New German High-Energy Li-ion Battery Consortium Headed by BASF; €21M Investment from German Government
27 March 2009
|Embedded metal oxide compounds for Li-ion cathode material. Source: BASF. Click to enlarge.|
Under the leadership of BASF Future Business GmbH, eighteen partners from industry and science have formed the cross-sector consortium “HE-Lion” to develop and bring to market safer, more affordable high-energy lithium-ion batteries over the next four to six years for use in plug-in hybrid automobiles and electric-vehicles.
The German Ministry of Education and Research (BMBF) is funding the HE-Lion project with €21 million (US$28.5 million) as part of the “Lithium Ion Battery LIB 2015” alliance for innovation. (Earlier post.) The partners in the consortium will contribute the same amount.
In November 2008, the German federal government announced plans to take strong measures towards electric and hybrid vehicles in the next ten years, with the goal of putting one million electric (EV) and plug-in hybrid electric (PHEV) vehicles onto Germany’s roads by 2020. (Earlier post.)
This alliance is an essential contribution to strengthening Germany as a heartland of innovation. In research, we must make the decisive breakthrough with new battery materials as soon as possible. Only then can we make electromobility affordable and free it from its niche existence.—Dr. Andreas Kreimeyer, Member of the Board of Executive Directors of BASF and Research Executive Director
The BMBF initiative LIB 2015, with a total sponsorship volume of €60 million (US$81.4 million) for several consortia, aims to bring to market by 2015 higher performing, safer and affordable lithium-ion batteries for future propulsion systems such as plug-in hybrid automobiles.
With companies of the chemical industry, battery industry, the automotive and energy sector and numerous partners from universities and institutes, HE-Lion is the largest consortium in LIB 2015. As energy stores of the future, lithium-ion batteries are a key technology for a more climate-friendly energy supply.
While the existing first and second generation of lithium-ion batteries are already being used in laptops, smartphones or cameras, a newer and more stable system has to be developed for the third and fourth generations, BASF says. Key factors for the success of the new batteries are high safety, high effectiveness and an affordable price. The aim is to achieve two to five times more energy density compared to previous battery systems.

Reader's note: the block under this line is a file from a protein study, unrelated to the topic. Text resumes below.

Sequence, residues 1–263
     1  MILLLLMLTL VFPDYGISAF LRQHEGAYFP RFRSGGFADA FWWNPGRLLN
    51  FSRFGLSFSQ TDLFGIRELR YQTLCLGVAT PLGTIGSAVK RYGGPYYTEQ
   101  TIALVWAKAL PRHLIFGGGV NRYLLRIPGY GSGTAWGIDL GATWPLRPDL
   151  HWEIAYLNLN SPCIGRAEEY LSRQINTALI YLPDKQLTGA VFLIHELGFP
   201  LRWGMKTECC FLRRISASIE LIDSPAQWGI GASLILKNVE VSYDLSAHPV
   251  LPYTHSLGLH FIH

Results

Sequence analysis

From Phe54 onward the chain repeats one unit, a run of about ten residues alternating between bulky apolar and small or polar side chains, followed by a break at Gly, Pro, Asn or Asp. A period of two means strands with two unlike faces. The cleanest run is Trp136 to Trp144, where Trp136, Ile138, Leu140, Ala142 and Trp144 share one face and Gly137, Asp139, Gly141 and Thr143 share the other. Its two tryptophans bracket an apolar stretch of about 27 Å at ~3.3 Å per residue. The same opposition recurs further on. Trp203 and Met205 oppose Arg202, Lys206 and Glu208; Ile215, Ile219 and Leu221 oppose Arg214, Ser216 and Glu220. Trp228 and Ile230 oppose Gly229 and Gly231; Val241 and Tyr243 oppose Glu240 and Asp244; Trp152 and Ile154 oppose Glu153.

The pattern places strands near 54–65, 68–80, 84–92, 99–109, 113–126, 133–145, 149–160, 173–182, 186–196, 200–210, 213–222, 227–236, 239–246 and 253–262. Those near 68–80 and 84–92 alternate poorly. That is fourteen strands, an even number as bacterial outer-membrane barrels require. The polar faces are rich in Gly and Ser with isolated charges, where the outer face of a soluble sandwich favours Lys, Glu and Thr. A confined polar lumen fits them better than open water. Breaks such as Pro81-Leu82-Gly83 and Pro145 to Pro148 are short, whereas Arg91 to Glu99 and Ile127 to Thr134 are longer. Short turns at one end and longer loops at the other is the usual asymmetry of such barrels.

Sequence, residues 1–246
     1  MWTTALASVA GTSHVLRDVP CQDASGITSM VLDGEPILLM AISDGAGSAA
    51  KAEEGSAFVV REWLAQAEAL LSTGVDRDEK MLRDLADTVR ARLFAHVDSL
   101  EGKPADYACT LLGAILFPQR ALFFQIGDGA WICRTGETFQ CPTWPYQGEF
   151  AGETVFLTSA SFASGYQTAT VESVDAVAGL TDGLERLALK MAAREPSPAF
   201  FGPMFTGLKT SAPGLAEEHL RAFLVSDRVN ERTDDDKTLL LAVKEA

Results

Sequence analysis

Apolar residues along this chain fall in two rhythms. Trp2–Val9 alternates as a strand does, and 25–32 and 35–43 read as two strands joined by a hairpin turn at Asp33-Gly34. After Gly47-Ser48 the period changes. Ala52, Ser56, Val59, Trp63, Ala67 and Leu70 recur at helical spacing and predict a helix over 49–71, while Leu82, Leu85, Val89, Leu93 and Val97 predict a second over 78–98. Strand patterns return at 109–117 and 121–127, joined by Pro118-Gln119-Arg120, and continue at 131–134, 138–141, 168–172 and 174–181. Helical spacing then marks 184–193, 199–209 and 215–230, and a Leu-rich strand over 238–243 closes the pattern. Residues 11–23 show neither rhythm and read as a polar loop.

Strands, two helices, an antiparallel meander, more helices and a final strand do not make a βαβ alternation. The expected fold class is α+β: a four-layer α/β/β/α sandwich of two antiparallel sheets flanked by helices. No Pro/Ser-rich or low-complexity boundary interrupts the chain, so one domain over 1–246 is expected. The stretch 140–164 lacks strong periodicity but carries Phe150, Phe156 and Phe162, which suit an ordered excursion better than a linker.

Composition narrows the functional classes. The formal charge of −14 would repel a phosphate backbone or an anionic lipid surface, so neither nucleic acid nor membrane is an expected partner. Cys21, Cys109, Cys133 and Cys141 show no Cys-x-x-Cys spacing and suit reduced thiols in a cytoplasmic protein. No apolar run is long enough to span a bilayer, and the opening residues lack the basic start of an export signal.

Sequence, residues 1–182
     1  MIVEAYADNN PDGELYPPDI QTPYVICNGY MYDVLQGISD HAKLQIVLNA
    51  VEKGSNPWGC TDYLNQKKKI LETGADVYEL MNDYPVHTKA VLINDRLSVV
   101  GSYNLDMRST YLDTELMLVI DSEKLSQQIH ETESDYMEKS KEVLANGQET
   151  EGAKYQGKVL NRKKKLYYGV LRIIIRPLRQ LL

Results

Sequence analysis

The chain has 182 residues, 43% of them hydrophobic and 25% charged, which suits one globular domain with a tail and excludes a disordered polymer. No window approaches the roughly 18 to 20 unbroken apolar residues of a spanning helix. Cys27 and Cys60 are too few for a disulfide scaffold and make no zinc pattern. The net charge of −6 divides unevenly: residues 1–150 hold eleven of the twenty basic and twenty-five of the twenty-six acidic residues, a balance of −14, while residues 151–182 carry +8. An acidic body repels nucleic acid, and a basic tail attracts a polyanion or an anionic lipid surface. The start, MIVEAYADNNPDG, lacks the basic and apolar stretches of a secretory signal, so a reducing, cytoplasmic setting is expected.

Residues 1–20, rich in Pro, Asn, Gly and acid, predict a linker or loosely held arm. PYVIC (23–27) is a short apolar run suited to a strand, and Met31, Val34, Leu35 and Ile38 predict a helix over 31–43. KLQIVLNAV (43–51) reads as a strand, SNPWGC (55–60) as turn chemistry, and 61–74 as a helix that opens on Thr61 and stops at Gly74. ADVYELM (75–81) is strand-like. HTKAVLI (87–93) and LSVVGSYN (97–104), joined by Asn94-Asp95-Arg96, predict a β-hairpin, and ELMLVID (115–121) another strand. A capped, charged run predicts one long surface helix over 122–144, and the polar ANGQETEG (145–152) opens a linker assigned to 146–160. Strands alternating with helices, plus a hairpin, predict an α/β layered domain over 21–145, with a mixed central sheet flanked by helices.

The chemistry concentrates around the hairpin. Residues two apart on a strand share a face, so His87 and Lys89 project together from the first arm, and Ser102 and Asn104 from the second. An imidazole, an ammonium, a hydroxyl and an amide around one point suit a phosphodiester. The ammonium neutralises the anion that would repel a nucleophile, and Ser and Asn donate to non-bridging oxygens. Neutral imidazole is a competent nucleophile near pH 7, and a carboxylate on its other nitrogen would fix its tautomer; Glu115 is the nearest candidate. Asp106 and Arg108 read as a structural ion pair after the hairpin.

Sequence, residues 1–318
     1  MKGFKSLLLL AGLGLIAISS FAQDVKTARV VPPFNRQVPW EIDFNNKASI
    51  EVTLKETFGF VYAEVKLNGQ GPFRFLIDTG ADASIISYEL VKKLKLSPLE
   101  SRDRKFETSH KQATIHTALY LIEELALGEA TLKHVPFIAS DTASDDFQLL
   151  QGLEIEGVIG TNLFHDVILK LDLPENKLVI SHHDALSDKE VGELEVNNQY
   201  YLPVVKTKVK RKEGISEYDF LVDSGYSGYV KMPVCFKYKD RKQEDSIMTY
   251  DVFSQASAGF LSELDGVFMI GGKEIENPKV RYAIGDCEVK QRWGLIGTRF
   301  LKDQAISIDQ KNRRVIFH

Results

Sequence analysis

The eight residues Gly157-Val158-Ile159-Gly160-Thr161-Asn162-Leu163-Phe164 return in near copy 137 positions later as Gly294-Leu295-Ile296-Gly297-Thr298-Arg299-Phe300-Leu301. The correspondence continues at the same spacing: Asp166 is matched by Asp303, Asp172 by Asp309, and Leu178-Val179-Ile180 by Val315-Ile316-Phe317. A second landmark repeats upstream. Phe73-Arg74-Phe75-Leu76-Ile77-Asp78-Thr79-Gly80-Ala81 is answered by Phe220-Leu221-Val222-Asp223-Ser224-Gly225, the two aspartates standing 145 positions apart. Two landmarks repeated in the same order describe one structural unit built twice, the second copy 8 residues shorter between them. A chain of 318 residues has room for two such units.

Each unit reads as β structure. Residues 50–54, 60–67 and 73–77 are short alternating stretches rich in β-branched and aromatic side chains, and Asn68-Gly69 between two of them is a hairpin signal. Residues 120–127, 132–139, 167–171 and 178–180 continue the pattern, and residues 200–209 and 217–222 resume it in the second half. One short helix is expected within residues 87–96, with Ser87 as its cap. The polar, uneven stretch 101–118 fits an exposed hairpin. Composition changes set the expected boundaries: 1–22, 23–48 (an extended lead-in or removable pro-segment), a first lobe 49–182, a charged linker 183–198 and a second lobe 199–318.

Achieving this will require improving the cathode of the battery, BASF says. BASF is developing a portfolio of innovative cathode materials using metal oxides produced by high-temperature synthesis. These activities include the conceptual design of the materials, laboratory synthesis and scale-up, i.e. transfer to the production scale. At present the materials still account for more than 50% of the cost of lithium ion batteries.
With representatives of all technological disciplines, we now have the opportunity to reinvent the battery in the truest sense of the word. With a globally competitive technology, our partners will be positioning themselves as leading worldwide suppliers of materials, components, cells and batteries.—Dr. Thomas Weber, Managing Director of BASF Future Business GmbH
Until the new battery can be tested in a VW Golf in a few years from now, however, the inventors will have to carry out more than 10,000 different tests. By today’s standards, a lithium-ion battery for a Golf would be as expensive as the vehicle itself. Modern production processes are needed to assure high quality and environmentally friendly manufacture and to significantly reduce costs. To achieve these goals, materials research experts are needed as much as system developers.
The industrial consortium covers a broad range of activities extending from material research to system integration:
BASF, Freudenberg Vliesstoffe and SGL Carbon are responsible for material manufacture.
Prototype development and cell technology are provided by Fraunhofer Institute Itzehoe and the companies Gaia, Leclanché and Bosch.
Implementation in the vehicle is being undertaken by Volkswagen.
The EnBW energy company will develop models for integrating the high-energy batteries into a new power supply concept for load balancing.
In fundamental research, cooperative projects are ongoing with the universities of Berlin, Bonn, Clausthal, Darmstadt, Giessen, Hannover, Münster, the Paul-Scherrer Institute in Switzerland and the Leibniz Institute of Dresden.
meanwhile the chinese are selling perfectly good lipos at $335 a kwh. Apparently LiFe cells use low cost materials.
Posted by: Herm | 27 March 2009 at 05:22 AM
Chinese batteries are made with low cost labour.
Posted by: ai_vin | 27 March 2009 at 09:28 PM